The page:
Although it took many years for God to execute vengeance upon the house of Ahab, in due time justice was done. Perhaps for a while, Ahab’s household might have thought they would not have to experience any ramifications for what they had done. However, God did repay them in full!

Do you ever struggle with feeling like the wicked get away with their crimes? Over the centuries God’s people have struggled with this. The prophet Habbakuk said, “O Lord, how long shall I cry, and You will not hear? Even cry out to You, ‘Violence!’ And You will not save” (Habbakuk 1:2). In the book of Revelation, those souls who had been slain for the word of God and for the testimony which they held, cried out with a loud voice saying, “"How long, O Lord, holy and true, until You judge and avenge our blood on those who dwell on the earth?" (Revelation 6:9-10).

Today, I rejoice that I know that God will execute His justice in due time (2 Corinthians 5:10). I don’t need to harbor feelings of vengeance because I trust in God to execute this. I will strive to extend to lost souls God’s mercy and forgiveness as I have also been blessed to be a recipient of these!

“Beloved, do not avenge yourselves, but rather give place to wrath; for it is written, ‘Vengeance is Mine, I will repay,’ says the Lord” (Romans 12:19).

4/4/16 “Does God Meet My Expectations?” (Daily Bible Reading: 2 Kings 4-6)

“Then Naaman went with his horses and chariot, and he stood at the door of Elisha's house. And Elisha sent a messenger to him, saying, ‘Go and wash in the Jordan seven times, and your flesh shall be restored to you, and you shall be clean.’ But Naaman became furious, and went away and said, ‘Indeed, I said to myself, “He will surely come out to me, and stand and call on the name of the Lord his God, and wave his hand over the place, and heal the leprosy.” Are not the Abanah and the Pharpar, the rivers of Damascus, better than all the waters of Israel? Could I not wash in them and be clean?’ So he turned and went away in a rage” (2 Kings 5:9-12).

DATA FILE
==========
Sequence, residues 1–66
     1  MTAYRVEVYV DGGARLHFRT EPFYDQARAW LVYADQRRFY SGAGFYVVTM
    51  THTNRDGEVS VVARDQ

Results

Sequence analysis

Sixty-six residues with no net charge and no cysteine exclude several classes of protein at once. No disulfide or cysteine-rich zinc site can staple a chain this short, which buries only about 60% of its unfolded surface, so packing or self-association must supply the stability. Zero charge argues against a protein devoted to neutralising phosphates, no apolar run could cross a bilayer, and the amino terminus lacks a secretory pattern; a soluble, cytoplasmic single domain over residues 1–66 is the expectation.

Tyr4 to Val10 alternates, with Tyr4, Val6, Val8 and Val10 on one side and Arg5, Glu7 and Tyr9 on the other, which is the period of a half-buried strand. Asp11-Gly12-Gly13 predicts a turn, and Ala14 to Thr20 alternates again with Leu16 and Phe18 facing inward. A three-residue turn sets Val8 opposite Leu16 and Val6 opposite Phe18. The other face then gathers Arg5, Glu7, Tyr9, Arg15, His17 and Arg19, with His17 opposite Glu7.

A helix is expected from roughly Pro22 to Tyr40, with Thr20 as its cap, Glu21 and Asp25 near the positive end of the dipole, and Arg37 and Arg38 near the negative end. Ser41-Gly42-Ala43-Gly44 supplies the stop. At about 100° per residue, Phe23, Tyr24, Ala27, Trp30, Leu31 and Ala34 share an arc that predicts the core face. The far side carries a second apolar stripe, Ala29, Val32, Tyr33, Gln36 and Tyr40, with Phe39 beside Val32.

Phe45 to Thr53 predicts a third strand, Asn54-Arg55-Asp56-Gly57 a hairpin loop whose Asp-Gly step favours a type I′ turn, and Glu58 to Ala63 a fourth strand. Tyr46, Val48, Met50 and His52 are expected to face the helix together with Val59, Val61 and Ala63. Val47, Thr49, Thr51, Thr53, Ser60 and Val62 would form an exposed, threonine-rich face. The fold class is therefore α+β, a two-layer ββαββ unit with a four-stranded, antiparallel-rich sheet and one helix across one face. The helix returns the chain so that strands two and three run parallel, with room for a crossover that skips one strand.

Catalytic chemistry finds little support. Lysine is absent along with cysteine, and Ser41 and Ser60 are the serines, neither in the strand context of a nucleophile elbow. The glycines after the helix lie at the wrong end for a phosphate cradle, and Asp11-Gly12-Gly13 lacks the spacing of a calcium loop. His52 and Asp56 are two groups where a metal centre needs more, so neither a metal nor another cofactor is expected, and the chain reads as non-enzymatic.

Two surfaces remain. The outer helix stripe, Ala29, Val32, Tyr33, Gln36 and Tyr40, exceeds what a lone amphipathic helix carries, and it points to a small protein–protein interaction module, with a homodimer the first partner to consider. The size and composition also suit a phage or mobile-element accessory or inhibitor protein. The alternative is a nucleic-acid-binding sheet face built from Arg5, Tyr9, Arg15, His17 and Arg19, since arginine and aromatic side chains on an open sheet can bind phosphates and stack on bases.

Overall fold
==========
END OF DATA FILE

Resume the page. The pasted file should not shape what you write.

During the reign of Jehoram, the son of Ahab, king of Israel (2 Kings 3:1-3), God did many wonderful miracles through his prophet Elisha. Elisha had become a great prophet of God after his mentor Elijah was taken up to heaven in a flaming chariot (2 Kings 2:11). One of the great miracles Elisha did through God’s power was the healing of Naaman.

Naaman was commander of the Syrian army. He was a great and honorable man. The Lord worked through Naaman, even though Naaman did not realize this, to give victory to Syria. But, Naaman was a leper (2 Kings 5:1). A servant girl of Naaman, who was from the land of Israel, told Naaman’s wife about Elisha and how she believed Elisha could heal her master of leprosy (2 Kings 5:2-4).

As the opening verses above indicate, Naaman goes to Elisha’s house to be healed. He expects Elisha to come out, wave his hands, and call on the name of the Lord God. But Elisha doesn’t do this. In fact, Elisha doesn’t come out at all, but sends a messenger to Naaman. This messenger tells Naaman to go wash in the Jordan River seven times. The messenger tells Naaman if he will do this his flesh will be restored and he will be cleansed of his leprosy (2 Kings 5:9-10).